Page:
If a non-equilibrium condition is produced by rapidly increasing the density of positive charges on the surface of the gate of the memory capacitor structure (such as is accomplished by a rapid positive going change of the gate to substrate potential through the use of the variable bias supply 16 shown in FIG. 1A) then other considerations than those noted previously are involved. The rate at which the density of electrons in the inversion layer of the FIG. 2B device, or the extrinsic N-type buried layer of the FIG. 2C device, can increase is determined by the rate at which electrons can be supplied to the inversion layer. If the dominant source of electrons is thermal electron-hole generation in the existing depletion layer, then very long times, of the order of a second, could be required before equilibrium is established. In this non-equilibrium condition, referred to as "deep depletion", the depletion region is widened, exposing more than the equilibrium value of charged ionized ions. There also is an accompanying decrease in device capacitance. As a consequence, the capture of holes during read-out is enhanced and results in an improved read-out signal.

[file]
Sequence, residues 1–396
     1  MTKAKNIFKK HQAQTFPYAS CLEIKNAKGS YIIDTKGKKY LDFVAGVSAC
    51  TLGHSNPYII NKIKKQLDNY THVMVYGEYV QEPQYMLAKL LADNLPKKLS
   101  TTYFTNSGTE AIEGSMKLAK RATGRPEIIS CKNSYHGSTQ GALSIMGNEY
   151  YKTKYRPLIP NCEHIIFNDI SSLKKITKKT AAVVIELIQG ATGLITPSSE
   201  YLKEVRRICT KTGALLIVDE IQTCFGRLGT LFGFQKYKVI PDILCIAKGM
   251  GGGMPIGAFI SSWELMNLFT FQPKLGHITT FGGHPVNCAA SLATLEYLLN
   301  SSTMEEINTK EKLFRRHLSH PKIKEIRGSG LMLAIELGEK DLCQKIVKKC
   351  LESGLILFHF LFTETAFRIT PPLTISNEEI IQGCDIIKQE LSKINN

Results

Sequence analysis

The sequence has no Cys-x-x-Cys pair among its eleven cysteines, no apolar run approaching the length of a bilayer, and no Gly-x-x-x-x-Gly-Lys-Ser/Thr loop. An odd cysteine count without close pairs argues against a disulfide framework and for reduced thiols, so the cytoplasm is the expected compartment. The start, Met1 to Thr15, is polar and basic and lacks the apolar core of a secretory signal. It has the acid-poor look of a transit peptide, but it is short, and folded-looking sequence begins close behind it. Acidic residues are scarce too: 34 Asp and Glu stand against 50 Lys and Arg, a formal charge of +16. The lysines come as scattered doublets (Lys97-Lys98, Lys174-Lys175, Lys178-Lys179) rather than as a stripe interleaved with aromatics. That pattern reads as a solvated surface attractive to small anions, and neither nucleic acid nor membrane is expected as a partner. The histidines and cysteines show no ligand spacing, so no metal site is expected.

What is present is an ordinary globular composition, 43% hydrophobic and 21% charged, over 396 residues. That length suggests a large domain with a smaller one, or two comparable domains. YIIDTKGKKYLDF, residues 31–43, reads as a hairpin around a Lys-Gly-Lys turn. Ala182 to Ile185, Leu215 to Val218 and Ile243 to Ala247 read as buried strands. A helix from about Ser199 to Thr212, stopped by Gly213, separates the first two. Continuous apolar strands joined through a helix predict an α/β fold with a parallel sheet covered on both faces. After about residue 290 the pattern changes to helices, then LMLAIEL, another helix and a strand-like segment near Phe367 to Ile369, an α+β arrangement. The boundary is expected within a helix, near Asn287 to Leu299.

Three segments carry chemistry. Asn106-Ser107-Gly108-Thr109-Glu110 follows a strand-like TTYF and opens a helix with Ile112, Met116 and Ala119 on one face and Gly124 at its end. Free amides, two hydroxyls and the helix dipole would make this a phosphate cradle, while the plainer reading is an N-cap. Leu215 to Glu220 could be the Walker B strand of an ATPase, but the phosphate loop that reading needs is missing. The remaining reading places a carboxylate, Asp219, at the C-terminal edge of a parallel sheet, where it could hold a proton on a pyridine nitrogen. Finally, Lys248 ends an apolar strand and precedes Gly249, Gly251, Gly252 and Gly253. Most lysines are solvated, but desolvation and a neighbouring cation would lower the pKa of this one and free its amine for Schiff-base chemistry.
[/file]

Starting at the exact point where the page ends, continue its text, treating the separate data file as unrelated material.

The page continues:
Referring only to the induced junction device of FIG. 2B, the opposite non-equilibrium condition, in which the inversion layer contains more than its equilibrium share of negative charges, can be produced by injecting holes and electron pairs into the depletion layer. Injection of electrons and holes into a semiconductor is a general concept which includes the process of generating hole-electron pairs with a penetrating electron beam. The injected electrons drift to the oxide-semiconductor interface, driven by the electric field in the depletion layer. At the interface they either accumulate, move laterally along the interface or recombine with holes. Although it is not generally an accepted term, this non-equilibrium condition will be referred to hereinafter as "enhanced recombination". It should be appreciated that even a low density of injected hole-electron pairs will produce immediately enhanced recombination if the MOS memory capacitor structure is initially in equilibrium. However, if the structure initially is in deep depletion, as defined above, enhanced recombination is not immediately produced. All regions of the structure which the injected electrons can reach by lateral flow via the inversion layer will, however, eventually reach a state of enhanced recombination unless the injection of hole-electron pairs is stopped, or the state of deep depletion is periodically induced. An intermediate condition may be reached at some point for which parts of the structure are in enhanced recombination and parts are in deep depletion. The parts in a state of enhanced recombination normally will be in the vicinity of the injected hole-electron pairs or regions easily reached via the inversion layer by the injected electrons.